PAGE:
Tuesday, January 5, 2010

Resolutions vs intentions

On Sunday I arrived a little bit late to church, and was pleased to see another car arriving just ahead of me; even more pleased to discover it was a friend I hadn't seen in a while.

We were making casual conversation on our way in from the parking lot, and I asked if she had any New Year's Resolutions she wanted to share, and she looked at me and smiled.

"You know," she said, "I think I'm too old to do New Year's Resolutions. Now I prefer to think of them as Intentions."

I liked that idea, and now, thinking about the difference between the two, I'm wondering if it isn't because resolutions feel sort of single-minded and solitary. There's a sort of militancy about a resolution, a fierceness: a frown, a crossing of arms, a striding forward, a stiff upper lip -- essentially an inflexibility, mixed with a sense of irrevocable doom.

But an intention feels more flexible, more co-operative, more self-accepting. Does that mean wishy-washy? Or is it just a practice more in keeping with being present, with traveling the middle way, with openness?

There's never any way to know what the road ahead may hold: even when the path appears perfectly clear, there could be something waiting in the wings that will necessitate a change of direction or even a certain amount of bushwacking to get back on track. We can resolve to bring certain habits with us on the journey -- there's a stubbornness implicit in that -- or we can declare our intentions, which feels more like saying we will do our best to meet whatever obstacles and opportunities arise in a way consistent with our values and ideals.

And now, as I look back at what I posted on New Year's Day, it seems to me that that's the difference between my "resolutions" and the ones contained in the Baptismal Covenant. The resolutions in the covenant -- particularly the first three -- are definitely more concrete: there are standards there, and a certain amount of accountability. My resolutions, with their repeated iterations of more and less, seem to be more relativistic, less easy to measure. Is that because I no longer think that the path between good and bad, right and wrong, is all that obvious? Or is it just that experience has taught me that the trappings of church-based faith -- prayer, fellowship, communion, worship, repentance, evangelism, and social justice -- are often empty?

As Richard Rohr says, "Theological training without spiritual experience is deadly...only transformed people have the power to transform others... you can lead others only as far as you yourself have gone. Too often we try to push, intimidate, threaten, cajole and manipulate others. It seldom works, because that is not the way the soul works."

So maybe that's the difference between a resolution and an intention: the resolution is about forcing compliance -- even if it's only you bullying yourself -- and the intention is about inviting transformation. For some reason this brings to mind that old psychological trick from the 70's -- TA, or Transactional Analysis. A resolution assumes your inner parent is delivering rules to your inner child; an intention assumes a healthy adult-to-adult respect and encouragement for the processes of the self.

But maybe that's the beauty of the Baptismal Covenant -- because it really has both resolutions and intentions. And that 4th precept -- Will you seek and serve Christ in all persons, loving your neighbor as yourself? -- well, that's probably the best kind of intention there could be. In fact, you could make the case that almost all those resolutions of mine -- listening, accepting, opening, loving, trusting, and giving -- are subsets of this one -- particularly if we understand that "Christ" is not Jesus's last name, but rather a word meaning "the anointed one."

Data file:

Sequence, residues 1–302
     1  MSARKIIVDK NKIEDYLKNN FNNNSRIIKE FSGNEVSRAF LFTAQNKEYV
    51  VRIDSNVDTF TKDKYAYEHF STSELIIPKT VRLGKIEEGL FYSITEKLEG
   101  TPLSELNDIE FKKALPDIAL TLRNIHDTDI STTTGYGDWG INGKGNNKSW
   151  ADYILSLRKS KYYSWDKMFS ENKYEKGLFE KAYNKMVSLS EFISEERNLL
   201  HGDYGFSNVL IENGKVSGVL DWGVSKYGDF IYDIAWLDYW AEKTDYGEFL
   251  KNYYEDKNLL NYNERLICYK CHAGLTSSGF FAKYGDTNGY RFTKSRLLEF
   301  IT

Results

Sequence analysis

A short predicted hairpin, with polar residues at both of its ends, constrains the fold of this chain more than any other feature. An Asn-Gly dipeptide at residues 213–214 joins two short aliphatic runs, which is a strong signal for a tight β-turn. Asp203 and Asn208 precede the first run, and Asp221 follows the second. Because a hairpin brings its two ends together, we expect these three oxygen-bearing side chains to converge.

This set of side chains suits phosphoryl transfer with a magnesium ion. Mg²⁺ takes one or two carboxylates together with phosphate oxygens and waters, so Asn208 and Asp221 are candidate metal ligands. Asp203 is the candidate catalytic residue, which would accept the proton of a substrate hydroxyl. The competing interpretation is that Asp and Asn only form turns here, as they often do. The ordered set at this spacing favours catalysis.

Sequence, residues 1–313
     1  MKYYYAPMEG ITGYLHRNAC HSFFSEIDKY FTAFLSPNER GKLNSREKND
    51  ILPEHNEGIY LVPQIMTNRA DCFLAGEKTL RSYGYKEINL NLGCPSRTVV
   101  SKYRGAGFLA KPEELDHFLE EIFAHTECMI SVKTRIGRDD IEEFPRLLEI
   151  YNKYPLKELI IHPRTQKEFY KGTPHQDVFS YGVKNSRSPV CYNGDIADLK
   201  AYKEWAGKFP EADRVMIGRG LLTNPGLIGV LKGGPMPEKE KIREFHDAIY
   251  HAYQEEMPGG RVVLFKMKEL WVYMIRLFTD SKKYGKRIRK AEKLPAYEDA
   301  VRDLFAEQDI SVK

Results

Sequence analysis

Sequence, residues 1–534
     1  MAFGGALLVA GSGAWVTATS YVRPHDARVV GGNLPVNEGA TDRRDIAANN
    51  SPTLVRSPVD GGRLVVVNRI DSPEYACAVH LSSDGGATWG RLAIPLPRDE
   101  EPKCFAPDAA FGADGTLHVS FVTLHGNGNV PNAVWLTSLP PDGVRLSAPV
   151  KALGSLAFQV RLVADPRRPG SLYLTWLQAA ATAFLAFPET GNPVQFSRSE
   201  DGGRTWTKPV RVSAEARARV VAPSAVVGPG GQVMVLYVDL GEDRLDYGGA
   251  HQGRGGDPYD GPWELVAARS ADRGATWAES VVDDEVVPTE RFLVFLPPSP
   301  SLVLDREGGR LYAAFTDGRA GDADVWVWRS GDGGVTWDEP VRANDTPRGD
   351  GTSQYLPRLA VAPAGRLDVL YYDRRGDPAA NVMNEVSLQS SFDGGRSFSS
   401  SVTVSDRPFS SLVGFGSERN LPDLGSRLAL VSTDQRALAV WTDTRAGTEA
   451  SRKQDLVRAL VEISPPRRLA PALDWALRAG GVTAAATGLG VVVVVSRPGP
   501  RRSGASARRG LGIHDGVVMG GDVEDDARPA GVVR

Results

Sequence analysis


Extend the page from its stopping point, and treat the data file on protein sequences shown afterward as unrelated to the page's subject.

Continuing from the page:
If we assume there is a Divine Purpose above and beyond ourselves, and if we approach each encounter with another human -- including ourselves -- with the assumption that that human has a unique anointed value and purpose; if we look for that aspect in them and choose to actively love and serve it... I'm thinking everything else would pretty much fall into place. Which is probably why "This is the first and greatest commandment, that you shall love the Lord your God with all your heart soul mind and strength, and the second is like unto it: you shall love your neighbor as yourself."

Pretty much says it all...

So why do I feel I just reduced a lot of good stuff to some pat fundamentalist bracelet, reading WWJD?


Maureen said...

A friend yesterday wrote about intentions instead of resolutions and I commented how much more I prefer the former word to the latter.

I tend to think of life as an intending-toward. . . to be who I am in God's eyes. To be resolved seems too rigid, and there will always be something to trip up the one who is so resolved that he or she cannot step back, look, reconsider, see another way. I prefer a more open way.

And, after all, I think of God's original intentions for us and...

altar ego said...

I am so laughing at your last line!

Rohr's observation about training without experience is dead on. It's the niggly discomfort I get when interviewing persons who aspire to priesthood, and they reveal that their lives have been bereft of much angst or spiritual struggle.

Intentions make sense because following one's intentions is a process toward transformation (at least as I see it). Sort of like the photograph of today, the mist and fog of which will transform that scene to one that will evoke something very different.

Happy New Year.

Louise Gallagher said...

Hmmmm. Food for thought.

My intention is to live up to my higher good.

My resolution is to love myself, even when I fall, as I know I will.

I love the photograph -- where will that road lead? which way am I going? What's ahead. What's behind?

Quite beautiful.